Discovering Canada’s Haida Gwaii

Few things say “Canada” more than a set of regal totem poles, landscapes blanketed in conifers, and glimpses of rare wildlife. All these converge in the rugged archipelago of Haida Gwaii—formerly known as the Queen Charlotte Islands—a rain-soaked natural wonderland roughly 80 kilometers off the northern coast of British Columbia. Its moss-draped old-growth forests shelter native species like the Queen Charlotte black bear and the bald eagle, while sea lions, seals, and porpoises cavort in the waters offshore. Such is the abundance of creatures on both land and sea that Haida Gwaii has been termed “Canada’s Galápagos”—a comparison that’s best understood each summer when pods of migrating orcas and humpbacks pass through. The annual arrival of these marine giants has left its mark on the culture of the indigenous Haida people, who venerate and depict both animals in their artwork.

Orca sightings are commonplace in Haida Gwaii from May to October. Photo by Kevin Lanthier/ Getty Images.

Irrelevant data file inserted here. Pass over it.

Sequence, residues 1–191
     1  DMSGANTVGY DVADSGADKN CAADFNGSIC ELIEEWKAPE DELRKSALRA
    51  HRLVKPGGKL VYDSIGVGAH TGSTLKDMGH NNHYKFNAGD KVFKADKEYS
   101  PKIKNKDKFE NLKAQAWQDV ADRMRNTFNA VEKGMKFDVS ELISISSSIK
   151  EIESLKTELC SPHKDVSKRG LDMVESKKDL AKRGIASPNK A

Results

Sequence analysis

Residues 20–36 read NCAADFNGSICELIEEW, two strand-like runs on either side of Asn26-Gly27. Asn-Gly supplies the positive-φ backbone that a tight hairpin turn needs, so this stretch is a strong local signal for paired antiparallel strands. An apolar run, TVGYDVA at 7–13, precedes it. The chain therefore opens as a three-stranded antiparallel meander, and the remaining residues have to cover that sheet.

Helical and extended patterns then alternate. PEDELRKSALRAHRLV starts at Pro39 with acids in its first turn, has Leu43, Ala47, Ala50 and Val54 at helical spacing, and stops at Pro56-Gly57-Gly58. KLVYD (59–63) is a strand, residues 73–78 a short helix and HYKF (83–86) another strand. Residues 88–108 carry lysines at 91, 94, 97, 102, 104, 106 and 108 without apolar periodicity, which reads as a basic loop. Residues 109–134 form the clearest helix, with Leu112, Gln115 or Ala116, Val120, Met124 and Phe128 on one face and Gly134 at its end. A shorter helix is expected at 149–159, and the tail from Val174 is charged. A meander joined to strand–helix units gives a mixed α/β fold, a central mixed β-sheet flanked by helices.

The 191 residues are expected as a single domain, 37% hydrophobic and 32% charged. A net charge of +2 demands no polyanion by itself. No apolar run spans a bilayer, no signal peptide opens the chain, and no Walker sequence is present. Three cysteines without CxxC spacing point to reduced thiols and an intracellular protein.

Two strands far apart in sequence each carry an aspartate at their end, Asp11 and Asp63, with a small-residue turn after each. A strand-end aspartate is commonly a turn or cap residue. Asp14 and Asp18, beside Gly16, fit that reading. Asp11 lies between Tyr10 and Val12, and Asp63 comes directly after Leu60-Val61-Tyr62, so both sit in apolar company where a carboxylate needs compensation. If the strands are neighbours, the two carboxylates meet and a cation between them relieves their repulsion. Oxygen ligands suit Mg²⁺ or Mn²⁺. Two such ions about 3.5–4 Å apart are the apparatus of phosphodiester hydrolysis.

Orca sightings are commonplace in Haida Gwaii from May to October. Photo by Kevin Lanthier/ Getty Images.

Getting There 


During the summer months, Air Canada Express flies twice daily between Vancouver and Haida Gwaii’s main airport at Sandspit.

Where to Stay 


Haida House at Tllaal (four-night stays 
from US$2,735 per person) opens its doors from late May to early September, with just 10 rooms on a 20-hectare property along the east coast of Graham Island, halfway between the Haida villages of Old Massett and Skidegate.
What Else?

UNESCO-listed Gwaii Haanas, a national park and Haida heritage site, sprawls across the remote southernmost third of the islands. Moresby Explorers runs two- and four-day boat tours with accommodation 
at a cozy floating lodge.

This article originally appeared in the June/July 2017 print issue of DestinAsian magazine (“Haida Seek”).

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